The Arthur Molella Distinguished Fellowship is endowed by The Lemelson Foundation in recognition of Dr. Arthur P. Molella’s scholarly contributions in recording and celebrating the history and importance of invention and innovation in American society.  During his 40+ years at the Smithsonian, and as founding director (emeritus) of the Lemelson Center, Molella has been responsible for collecting initiatives, major exhibitions, and numerous publications.

Wednesday, February 3, 2016

BHR Provides Free Access to a Selection of Articles

The editors of the Business History Review, published by Cambridge University Press, are providing open access to a number of recent articles. Included are:
Naomi R. Lamoreaux, Kenneth L. Sokoloff, and Dhanoos Sutthiphisal, "Patent Alchemy: The Market for Technology in US History"
Espen Storli, "Cartel Theory and Cartel Practice: The Case of the International Aluminum Cartels, 1901–1940"
Mary O'Sullivan, "A Fine Failure: Relationship Lending, Moses Taylor, and the Joliet Iron & Steel Company, 1869–1888"
Richard R. John, "Prophet of Perspective: Thomas K. McCraw"
Mira Wilkins, "The History of Multinationals: A 2015 View"
Alain Verbeke and Liena Kano, "The New Internalization Theory and Multinational Enterprises from Emerging Economies: A Business History Perspective"
Pierre-Yves Donzé, "Siemens and the Construction of Hospitals in Latin America, 1949-1964"
B. Zorina Khan, "Inventing Prizes: A Historical Perspective on Innovation Awards and Technology Policy"
Graeme G. Acheson, Gareth Campbell, and John D. Turner, "Active Controllers or Wealthy Rentiers? Large Shareholders in Victorian Public Companies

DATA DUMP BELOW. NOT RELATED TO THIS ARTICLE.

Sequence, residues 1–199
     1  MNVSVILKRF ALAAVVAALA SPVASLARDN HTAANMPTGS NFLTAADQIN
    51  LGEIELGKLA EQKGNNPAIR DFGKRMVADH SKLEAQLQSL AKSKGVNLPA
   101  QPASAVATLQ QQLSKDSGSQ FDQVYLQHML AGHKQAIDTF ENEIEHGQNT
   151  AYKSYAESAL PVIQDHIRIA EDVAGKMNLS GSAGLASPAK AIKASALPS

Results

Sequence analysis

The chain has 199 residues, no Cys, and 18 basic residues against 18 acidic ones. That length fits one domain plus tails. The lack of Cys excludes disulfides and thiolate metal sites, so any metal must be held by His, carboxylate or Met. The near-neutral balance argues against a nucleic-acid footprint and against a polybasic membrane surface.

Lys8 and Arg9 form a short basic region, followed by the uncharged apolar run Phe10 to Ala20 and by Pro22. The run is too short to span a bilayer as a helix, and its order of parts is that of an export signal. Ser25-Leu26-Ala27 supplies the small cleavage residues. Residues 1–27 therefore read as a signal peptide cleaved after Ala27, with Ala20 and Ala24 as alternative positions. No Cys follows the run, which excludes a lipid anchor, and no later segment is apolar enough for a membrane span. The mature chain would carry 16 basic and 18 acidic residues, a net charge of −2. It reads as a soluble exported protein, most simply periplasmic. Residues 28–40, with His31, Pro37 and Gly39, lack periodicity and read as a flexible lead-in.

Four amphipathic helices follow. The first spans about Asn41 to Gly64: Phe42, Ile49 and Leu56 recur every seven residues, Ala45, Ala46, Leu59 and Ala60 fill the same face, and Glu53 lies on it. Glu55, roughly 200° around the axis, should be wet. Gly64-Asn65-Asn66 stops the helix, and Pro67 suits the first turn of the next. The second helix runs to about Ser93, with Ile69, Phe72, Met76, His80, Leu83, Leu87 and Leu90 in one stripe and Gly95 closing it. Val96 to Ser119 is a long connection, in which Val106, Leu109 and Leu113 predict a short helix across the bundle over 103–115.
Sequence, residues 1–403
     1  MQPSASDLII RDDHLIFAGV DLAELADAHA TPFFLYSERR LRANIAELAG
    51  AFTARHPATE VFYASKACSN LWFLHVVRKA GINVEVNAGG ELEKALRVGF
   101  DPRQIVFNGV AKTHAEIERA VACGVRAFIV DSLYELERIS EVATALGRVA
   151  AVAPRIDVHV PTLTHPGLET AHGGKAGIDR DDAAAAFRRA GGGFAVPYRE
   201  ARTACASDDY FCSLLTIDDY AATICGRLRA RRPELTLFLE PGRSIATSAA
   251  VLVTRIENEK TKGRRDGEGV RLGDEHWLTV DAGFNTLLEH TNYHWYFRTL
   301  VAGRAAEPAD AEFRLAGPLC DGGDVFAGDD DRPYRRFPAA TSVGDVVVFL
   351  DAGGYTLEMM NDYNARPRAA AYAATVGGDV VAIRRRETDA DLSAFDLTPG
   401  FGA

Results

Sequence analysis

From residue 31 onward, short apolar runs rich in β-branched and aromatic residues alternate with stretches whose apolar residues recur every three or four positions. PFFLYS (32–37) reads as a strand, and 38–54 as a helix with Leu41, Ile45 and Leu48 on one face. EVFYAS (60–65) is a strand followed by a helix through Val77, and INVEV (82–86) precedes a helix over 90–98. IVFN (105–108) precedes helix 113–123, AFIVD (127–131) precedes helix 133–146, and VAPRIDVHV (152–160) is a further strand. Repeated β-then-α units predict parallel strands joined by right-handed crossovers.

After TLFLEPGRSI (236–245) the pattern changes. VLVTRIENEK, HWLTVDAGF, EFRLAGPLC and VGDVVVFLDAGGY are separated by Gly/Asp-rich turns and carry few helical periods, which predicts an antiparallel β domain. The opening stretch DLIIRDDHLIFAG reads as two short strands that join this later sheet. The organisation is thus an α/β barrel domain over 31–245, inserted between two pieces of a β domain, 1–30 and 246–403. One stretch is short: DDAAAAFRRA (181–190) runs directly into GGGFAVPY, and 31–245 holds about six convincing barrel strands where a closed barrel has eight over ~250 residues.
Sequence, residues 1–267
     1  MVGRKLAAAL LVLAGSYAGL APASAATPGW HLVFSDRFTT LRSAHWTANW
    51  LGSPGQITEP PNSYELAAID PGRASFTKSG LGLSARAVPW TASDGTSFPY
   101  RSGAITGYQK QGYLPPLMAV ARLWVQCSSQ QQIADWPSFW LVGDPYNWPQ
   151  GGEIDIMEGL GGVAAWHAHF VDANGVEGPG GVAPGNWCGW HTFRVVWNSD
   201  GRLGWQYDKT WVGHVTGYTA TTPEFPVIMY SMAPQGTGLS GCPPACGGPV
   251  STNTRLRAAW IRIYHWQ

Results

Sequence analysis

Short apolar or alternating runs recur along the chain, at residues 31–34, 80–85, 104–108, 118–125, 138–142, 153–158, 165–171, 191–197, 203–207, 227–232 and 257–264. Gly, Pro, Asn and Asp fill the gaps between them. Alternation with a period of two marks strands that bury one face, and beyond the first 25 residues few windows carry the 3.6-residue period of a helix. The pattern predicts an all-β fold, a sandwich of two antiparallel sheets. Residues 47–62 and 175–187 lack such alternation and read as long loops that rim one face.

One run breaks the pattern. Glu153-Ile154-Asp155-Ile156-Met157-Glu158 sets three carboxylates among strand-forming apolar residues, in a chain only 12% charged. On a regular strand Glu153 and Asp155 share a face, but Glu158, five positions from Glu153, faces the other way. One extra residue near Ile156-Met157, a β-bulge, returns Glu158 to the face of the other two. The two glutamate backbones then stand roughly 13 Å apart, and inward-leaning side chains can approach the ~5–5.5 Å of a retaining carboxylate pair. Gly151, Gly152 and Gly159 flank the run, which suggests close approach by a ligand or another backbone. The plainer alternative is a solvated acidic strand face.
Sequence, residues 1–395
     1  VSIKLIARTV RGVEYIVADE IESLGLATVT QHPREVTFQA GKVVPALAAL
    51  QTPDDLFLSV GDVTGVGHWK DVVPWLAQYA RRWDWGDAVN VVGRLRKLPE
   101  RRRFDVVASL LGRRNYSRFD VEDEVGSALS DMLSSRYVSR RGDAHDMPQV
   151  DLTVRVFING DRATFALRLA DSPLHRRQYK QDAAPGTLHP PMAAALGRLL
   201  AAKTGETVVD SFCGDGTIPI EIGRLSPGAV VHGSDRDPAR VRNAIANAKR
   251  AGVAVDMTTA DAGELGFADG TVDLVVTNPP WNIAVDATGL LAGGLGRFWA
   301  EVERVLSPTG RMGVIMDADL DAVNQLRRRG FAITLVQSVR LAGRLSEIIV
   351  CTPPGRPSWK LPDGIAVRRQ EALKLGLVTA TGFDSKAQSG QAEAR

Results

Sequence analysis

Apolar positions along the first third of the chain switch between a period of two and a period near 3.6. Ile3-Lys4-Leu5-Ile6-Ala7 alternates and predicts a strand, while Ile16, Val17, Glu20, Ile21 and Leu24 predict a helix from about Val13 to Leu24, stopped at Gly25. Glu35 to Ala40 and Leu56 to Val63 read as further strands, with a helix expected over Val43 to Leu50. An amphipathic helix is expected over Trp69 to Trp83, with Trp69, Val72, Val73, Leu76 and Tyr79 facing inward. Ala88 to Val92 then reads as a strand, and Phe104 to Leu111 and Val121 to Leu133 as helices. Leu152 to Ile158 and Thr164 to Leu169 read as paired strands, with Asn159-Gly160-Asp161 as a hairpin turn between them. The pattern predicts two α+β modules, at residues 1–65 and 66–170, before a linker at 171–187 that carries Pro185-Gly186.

Brian R. Cheffins, "Corporate Governance since the Managerial Capitalism Era"
Readers may also want to check out the Autumn 2015 issue, which is a special volume on "Globalization," in which the Wilkins, Verbeke and Kano, and Donzé articles appear.


Monday, February 1, 2016

Full 2016 OAH Program Now Available

The Organization of American Historians (OAH) will hold its 2016 annual meeting on April 7-10 in Providence, Rhode Island. The complete program brochure is now available on-line. We highlighted several business and economic history sessions in an earlier post, but the full program includes many other sessions of interest. [Note that the OAH program does not supply session numbers or links to abstracts, so the sessions are identified here by the page number on which they appear in the program.]
Sessions sponsored or co-sponsored by the BHC:
   p. 28: "Financial Leaders of the Early American Republic"
   p. 37: "Capitalism in the Countryside: Farmers, Families, and the Marketplace"
   p. 53: "Temporalities of Agriculture and Capitalism"
   p. 56: "Law, Finance, and Institutional Leadership: New Perspectives on the History of Financialization"
   p. 56: "The Business of Leadership"